The original instance of a long coated Russian Toy (our favourite!) was a dog named Chikki, born from two smooth coated dogs that both had slightly longer hair than was typical. Initially, the puppy was not to be registered as its coat was too long meet the breed standard.
Chikki was registered and purchased by Evgeniya Fominichna Zharova, and Zharova is thus the long coated variety’s founding breeder as the first breeder to intentionally retain and breed a dog with a longer coat. Zharova developed the breed in Moscow, and so it came to be known as the Moscow Toy Terrier. More information on the history (in Russian) as well as the source of some of these photos, can be found here.
In 1988, the Russian Kynological Federation published a new breed standard, combining the short coated Russian Toy Terrier and the long coated Moscow Toy Terrier under “Russian Toy Terrier.” However, towards the fall of the Berlin Wall, the popularity of imported exotic breeds nearly drove the Russian Toy into extinction.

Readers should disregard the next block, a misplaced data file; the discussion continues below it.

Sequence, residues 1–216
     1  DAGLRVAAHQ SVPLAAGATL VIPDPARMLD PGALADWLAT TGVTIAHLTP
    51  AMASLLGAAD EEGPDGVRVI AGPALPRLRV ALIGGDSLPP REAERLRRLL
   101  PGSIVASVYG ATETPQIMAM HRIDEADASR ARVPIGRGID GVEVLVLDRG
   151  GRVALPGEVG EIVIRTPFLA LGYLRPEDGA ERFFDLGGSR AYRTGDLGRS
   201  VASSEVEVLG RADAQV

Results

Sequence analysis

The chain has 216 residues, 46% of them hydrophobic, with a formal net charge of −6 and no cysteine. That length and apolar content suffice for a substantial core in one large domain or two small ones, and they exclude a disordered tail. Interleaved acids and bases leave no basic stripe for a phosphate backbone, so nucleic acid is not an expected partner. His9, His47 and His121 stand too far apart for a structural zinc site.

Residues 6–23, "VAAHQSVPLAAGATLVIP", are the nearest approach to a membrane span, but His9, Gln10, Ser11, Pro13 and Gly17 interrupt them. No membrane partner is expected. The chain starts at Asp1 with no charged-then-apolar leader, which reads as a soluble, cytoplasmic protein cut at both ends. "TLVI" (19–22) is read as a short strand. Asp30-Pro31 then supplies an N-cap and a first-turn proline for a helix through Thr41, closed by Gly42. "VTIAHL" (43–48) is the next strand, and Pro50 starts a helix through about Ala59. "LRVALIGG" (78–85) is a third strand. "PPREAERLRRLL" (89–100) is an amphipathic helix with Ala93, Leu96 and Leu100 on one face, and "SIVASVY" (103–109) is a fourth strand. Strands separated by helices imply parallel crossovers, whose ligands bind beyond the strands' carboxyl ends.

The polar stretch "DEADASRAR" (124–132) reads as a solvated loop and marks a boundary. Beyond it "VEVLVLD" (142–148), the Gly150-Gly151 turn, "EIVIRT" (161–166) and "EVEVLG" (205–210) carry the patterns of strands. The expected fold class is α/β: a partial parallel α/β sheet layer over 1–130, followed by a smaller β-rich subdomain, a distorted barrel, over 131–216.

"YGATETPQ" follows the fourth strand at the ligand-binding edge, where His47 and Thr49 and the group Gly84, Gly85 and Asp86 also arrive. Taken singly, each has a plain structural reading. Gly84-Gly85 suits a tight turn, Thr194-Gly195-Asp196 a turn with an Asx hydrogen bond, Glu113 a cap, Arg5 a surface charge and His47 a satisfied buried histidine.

The Русский той was saved thanks to increased demand resulting the work of dedicated breeders, with kennels opening across the world and an increase in interest in Japan and the United States, Australia, and Ireland.
The Russian Toy now recognised by the Kennel Club from 1st July 2017. The breed is classified in the Toy Group on the Imported Breed Register.
A copy of the FCI Breed standard can be found here
A copy of the Kennel Club interim Breed Standard can be found here